Facing a nationwide shortage of a lethal injection drug, Arizona has taken an unusual step that other death penalty states may soon follow: get their supplies from another country.
Such a move, experts say, raises questions about the effectiveness of the drug. But it also may further complicate executions in the 35 states that allow them, as inmates challenge the use of drugs not approved by federal inspectors for use in the U.S.
Arizona said Tuesday that it got its sodium thiopental from Great Britain, the first time a state has acknowledged obtaining the drug from outside the United States since the shortage began slowing executions in the spring.
“This drug came from a reputable place,” Chief Deputy Attorney General Tim Nelson said. “There’s all sorts of wild speculation that it came from a third-world country, and that’s not accurate.”
Nelson said the state revealed the drug’s origins to let the public know that its supply is trustworthy and to dispel rumors. However, he did not name the company that manufactured it.
Without assurances of the drug’s quality, many questions will be raised, including its effectiveness and how it should be handled, and would serve as a basis for lawsuits, said Deborah Denno, a law professor at Fordham University.
“The impact could be huge,” Denno said. “The source of the thiopental is critical.”
A federal judge in Arizona blocked the Tuesday execution of convicted killer Jeffrey Landrigan because the state obtained the drug from a previously unidentified overseas source. The judge questioned whether it might be unsafe.
Landrigan’s lawyers contend he could be suffocated painfully if the sodium thiopental doesn’t render him unconscious. In lethal injections, sodium thiopental makes an inmate unconscious before a second drug paralyzes him and a third drug stops his heart.
Hospira Inc. of Lake Forest, Ill., the sole U.S. manufacturer of the drug, has blamed the shortage on unspecified problems with its raw-material suppliers and said new batches will not be available until January at the earliest.
There are no FDA-approved overseas manufacturers of the drug.
The limited supply has also directly affected executions in California, Kentucky and Oklahoma, and may affect executions in Missouri, which says its supply of sodium thiopental expires in January.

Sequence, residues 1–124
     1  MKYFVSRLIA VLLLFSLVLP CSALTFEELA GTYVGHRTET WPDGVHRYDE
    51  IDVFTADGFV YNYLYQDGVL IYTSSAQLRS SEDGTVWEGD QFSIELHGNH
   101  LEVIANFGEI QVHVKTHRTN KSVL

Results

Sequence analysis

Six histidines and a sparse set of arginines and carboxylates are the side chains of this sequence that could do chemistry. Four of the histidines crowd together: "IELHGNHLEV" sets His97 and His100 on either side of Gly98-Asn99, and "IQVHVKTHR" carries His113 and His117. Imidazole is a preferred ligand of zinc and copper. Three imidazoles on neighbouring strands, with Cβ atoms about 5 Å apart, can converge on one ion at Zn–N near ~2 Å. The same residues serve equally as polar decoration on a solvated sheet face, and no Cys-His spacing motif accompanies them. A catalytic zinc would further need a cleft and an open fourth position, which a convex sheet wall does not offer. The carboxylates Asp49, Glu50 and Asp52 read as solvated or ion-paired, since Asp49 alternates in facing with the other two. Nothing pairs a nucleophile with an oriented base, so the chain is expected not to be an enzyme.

California officials say they acquired a dosage of 12 grams in September with a 2014 expiration date. But there was some dispute about the source. Hospira said its remaining supplies expire next year and California could only have obtained it elsewhere.
The state prison system would not address the discrepancy. “The state obtained the sodium thiopental lawfully from within the United States,” Terry Thornton, a corrections spokeswoman told The Associated Press.
Ohio, which spends about $350 for the drug for each execution, ran out of the amount prescribed by state procedures just three days before a May 13 execution. The state obtained enough in time but won’t say where.
A few weeks ago, Kentucky’s governor held off signing death warrants setting execution dates for two inmates because the state is almost out of sodium thiopental. The state’s lone dose expired Oct. 1.
Officials say they have tried unsuccessfully to get the drug from other states, and have gotten calls from states looking for it.
In August, an Oklahoma judge delayed the execution of Jeffrey Matthews when the state tried to switch anesthetics after running out of its regular supply in August. Matthews was convicted of killing his 77-year-old great-uncle during a 1994 robbery.
Oklahoma finally found enough sodium thiopental from another state, but the court-ordered delay continues.
The controversy could end if Hospira resumes making the drug next year as indicated, or states could switch to another drug.
At least 15 states, including Arizona, Florida, Missouri, Texas and Tennessee, might be able to switch drugs without a new law or administrative process, death penalty expert Megan McCracken said.
In Arizona, officials say U.S. District Court Judge Roslyn Silver’s order should be lifted because the U.S. Supreme Court ruled in 1985 that Food and Drug Administration approval isn’t necessary for the drugs to be used specifically for executions.
The state filed a motion with the Supreme Court, and was awaiting word Tuesday on whether it can proceed.
The delay, prosecutors say, is one reason the public has lost some faith in the criminal justice system.
“We’re 20 years in and we’re not arguing over guilt or innocence,” said interim Maricopa County Attorney Rick Romley, whose office prosecuted Landrigan in the 1989 killing of Chester Dyer during a robbery. “We have lawyers fighting lawyers.”
In recent years, lethal injections have run into high-profile problems, including botched executions.
Ohio and Washington have switched from a three-drug method to a single, powerful dose of sodium thiopental. The change helps avoid litigation over pain that inmates could suffer from the second and third drugs if they haven’t been knocked out.
The switch doesn’t affect the drug’s administration, which has led to a number of fumbled executions, including a September 2009 procedure in Ohio in which the governor stopped an execution after two hours when officials couldn’t find a usable vein.
The issue will come down to whether an overseas version of sodium thiopental would be equivalent to what the FDA has approved here, said Ty Alper, associate director of the death penalty clinic at the University of California-Berkeley.
“It really opens the door to Eighth Amendment challenges that go to the heart of whether executions work the way they’re supposed to,” he said, referring to the amendment about prohibiting cruel and unusual punishment.